Conveyancing Market Suffers Worst Conditions Since 2009

The conveyancing sector suffered its worse quarterly performance since 2009 in the final quarter of 2019.

According to Search Acumen’s ‘Conveyancing Market Tracker’, the 226,444 quarterly transactions between October and December represented the lowest levels since 2009.

The figures also indicated a 15 per cent fall on the 267,438 final quarter transactions from 2018 and an 8 per cent decline on the previous quarter.

Active conveyancing numbers fell to a record low in the final quarter of 2019. The remaining 3,920 active firms represented a 41 firm and 5 per cent drop when compared with the previous quarter.

Annually, 206 active firms left the sector or merged with other firms.

The top 1,000 conveyancing firms saw their market share fall from 76 per cent to 71 per cent, the lowest figure since 2012.

Despite the majority of demographics losing market share, the very largest firms increased their market share from 5.4 per cent to 6 per cent, marking the first time to breach this figure since 2017.

The only sector of the conveyancing market to experience an increase in transactions during the final quarter of 2019 was attributed to smaller firms who garnered 3 per cent more business in the final quarter of the year.

Occasional firms, who average between 1 and 5 transactions per month, increased their total quarterly transactions from 1,629 to 1,678.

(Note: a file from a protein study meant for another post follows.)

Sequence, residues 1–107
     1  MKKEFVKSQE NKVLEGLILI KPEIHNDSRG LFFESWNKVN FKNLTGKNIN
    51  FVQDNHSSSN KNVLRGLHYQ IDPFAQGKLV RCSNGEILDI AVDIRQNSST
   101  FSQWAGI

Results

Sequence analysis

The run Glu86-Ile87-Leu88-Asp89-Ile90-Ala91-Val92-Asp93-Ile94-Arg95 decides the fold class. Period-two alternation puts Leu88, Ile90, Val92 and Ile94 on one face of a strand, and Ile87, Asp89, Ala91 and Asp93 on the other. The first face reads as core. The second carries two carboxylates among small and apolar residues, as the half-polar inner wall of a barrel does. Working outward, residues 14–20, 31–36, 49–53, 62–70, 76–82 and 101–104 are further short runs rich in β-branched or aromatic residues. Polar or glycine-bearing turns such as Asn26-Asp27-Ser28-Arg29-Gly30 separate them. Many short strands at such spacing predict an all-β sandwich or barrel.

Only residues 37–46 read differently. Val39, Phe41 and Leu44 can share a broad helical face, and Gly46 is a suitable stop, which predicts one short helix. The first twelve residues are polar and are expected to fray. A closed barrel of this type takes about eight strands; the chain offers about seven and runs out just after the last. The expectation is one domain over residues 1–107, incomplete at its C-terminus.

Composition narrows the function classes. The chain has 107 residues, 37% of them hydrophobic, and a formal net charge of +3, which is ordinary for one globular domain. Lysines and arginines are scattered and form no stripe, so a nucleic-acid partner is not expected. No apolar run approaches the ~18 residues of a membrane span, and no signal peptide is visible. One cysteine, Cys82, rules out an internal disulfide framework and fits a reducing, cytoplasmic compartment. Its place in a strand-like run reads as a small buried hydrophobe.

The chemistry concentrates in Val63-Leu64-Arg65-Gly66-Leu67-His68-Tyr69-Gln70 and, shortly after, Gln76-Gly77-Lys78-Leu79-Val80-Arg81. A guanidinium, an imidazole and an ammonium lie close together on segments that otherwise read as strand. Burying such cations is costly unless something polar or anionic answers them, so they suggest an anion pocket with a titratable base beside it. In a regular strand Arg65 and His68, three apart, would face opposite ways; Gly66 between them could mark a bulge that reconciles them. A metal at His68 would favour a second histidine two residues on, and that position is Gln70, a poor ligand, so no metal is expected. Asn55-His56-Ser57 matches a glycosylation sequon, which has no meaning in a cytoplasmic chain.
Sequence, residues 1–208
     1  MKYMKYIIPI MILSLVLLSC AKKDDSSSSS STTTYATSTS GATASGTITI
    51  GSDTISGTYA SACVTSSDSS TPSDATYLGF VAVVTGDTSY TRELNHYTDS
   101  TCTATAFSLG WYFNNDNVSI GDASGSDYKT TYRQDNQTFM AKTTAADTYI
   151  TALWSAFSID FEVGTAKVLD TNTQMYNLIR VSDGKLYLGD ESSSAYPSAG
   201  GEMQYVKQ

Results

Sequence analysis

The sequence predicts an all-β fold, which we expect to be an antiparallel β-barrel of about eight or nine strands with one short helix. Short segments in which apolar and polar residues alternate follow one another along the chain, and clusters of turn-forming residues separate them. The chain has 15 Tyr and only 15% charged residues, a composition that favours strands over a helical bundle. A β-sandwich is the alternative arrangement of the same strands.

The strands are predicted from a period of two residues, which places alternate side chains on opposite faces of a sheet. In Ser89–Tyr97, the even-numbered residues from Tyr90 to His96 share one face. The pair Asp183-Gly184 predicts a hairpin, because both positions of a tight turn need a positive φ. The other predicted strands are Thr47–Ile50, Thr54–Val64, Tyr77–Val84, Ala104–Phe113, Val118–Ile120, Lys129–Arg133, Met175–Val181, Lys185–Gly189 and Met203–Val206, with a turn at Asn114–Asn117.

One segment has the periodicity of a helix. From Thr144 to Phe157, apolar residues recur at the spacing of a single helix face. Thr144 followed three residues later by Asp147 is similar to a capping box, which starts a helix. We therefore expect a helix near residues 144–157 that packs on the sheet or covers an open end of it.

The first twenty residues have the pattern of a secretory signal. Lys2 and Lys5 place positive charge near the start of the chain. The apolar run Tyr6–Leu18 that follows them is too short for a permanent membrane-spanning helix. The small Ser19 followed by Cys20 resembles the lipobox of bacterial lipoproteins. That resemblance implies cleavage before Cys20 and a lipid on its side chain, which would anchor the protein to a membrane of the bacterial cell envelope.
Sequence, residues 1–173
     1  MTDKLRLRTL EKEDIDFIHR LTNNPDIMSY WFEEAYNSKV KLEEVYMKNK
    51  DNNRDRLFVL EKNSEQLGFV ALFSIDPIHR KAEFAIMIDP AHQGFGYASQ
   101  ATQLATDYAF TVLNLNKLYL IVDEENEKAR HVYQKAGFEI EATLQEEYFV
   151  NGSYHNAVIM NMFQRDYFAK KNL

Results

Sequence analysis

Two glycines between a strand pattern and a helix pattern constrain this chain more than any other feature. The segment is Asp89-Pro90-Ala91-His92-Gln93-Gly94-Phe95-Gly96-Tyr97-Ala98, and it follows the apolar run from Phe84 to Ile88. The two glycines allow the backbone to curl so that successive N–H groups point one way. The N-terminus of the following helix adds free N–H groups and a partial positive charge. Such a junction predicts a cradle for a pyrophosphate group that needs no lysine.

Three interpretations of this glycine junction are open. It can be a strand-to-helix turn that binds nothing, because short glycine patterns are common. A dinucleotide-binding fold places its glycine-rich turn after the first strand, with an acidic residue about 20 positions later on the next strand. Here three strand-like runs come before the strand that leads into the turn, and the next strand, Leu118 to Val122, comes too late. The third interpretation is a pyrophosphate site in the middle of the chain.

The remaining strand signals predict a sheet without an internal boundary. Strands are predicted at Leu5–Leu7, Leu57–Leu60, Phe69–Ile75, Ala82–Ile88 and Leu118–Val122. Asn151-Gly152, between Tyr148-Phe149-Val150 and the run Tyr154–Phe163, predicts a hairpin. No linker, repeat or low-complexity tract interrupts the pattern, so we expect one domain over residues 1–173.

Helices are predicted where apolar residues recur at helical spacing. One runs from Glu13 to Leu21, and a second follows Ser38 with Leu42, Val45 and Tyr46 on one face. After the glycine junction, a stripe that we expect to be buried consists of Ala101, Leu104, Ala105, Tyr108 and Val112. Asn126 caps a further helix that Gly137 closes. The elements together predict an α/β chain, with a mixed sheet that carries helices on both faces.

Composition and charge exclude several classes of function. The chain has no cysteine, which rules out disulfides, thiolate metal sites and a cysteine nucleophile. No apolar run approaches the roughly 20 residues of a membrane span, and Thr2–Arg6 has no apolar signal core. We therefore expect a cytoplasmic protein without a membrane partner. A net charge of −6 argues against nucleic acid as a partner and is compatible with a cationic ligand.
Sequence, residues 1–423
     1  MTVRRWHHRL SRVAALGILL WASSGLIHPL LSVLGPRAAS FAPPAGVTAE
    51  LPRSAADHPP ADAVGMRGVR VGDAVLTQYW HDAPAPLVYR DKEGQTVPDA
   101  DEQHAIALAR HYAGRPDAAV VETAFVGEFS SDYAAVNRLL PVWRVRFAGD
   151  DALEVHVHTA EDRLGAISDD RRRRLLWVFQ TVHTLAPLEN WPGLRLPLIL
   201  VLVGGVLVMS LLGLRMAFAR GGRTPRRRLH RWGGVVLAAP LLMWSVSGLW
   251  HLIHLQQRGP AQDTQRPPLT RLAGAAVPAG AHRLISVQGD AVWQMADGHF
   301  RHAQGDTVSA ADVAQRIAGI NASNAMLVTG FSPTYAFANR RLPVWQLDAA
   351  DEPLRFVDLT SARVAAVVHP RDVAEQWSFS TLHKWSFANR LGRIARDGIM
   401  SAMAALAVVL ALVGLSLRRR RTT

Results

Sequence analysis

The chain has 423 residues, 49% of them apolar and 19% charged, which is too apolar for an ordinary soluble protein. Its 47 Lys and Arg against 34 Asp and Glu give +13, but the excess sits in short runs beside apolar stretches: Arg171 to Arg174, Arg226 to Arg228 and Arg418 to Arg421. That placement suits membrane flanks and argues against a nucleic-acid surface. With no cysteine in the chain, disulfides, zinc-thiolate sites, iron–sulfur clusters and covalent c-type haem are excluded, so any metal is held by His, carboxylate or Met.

Andy Sommerville, Director of Search Acumen, commented:  

“The curtain call for 2019 couldn’t come soon enough for a conveyancing market which was rocked by political peaks and troughs, prompting several indicators to annual or even record lows in Q4. What has come as a surprise is the comeback of smaller conveyancers which gives us hope that the market is not broken from top to bottom but remains in need of transformation.

“Despite the market slowdown, property buyers and investors have not made a flight to the top but instead continue to work with smaller conveyancers who bring local, well-honed expertise to the table.

“Given the improved political climate at the very end of 2019, the next challenge for firms will be to ride the likely surge in demand as the backlog of transactions that were put on hold start to be unleashed as consumer and business confidence returns.

“Getting from a verbal agreement to a completed transaction can still be an excessively complex, drawn out and inefficient process – adding financial risk and additional friction to residential and commercial property markets. Despite the promise of increased technology, the user experience often remains poor – for conveyancers and solicitors, as well as their clients – and continues to lag behind the advances seen in other sectors.

“In many cases, the technology itself is here, and for the decade ahead to truly deliver on the promise of industry change, we urge conveyancers big and small to harness available data and upskill in new innovations.”

1 Comment

  • test

    Increasingly, there seem to be two types of conveyancing solicitors.
    1. ‘Execution-only’ service, probably adequate at achieving completions- if (but only if) the property is freehold, a house, and already registered at HMLR.
    2. Specialists in Conveyancing Research and solicitors willing to give proper advice to clients who do not know- and should not be required to know- much about technicalities.
    Example: P buys a leasehold, only to find out that the ground rent is high (or keeps doubling) and that every lease brings with it a shoal of covenants. How many solicitors actually give such advice? Not many, nowadays. Clients who seek just the lowest cost (see LS/SRA requirements for headline price disclosure on website) are given reduced service which leads to problems.

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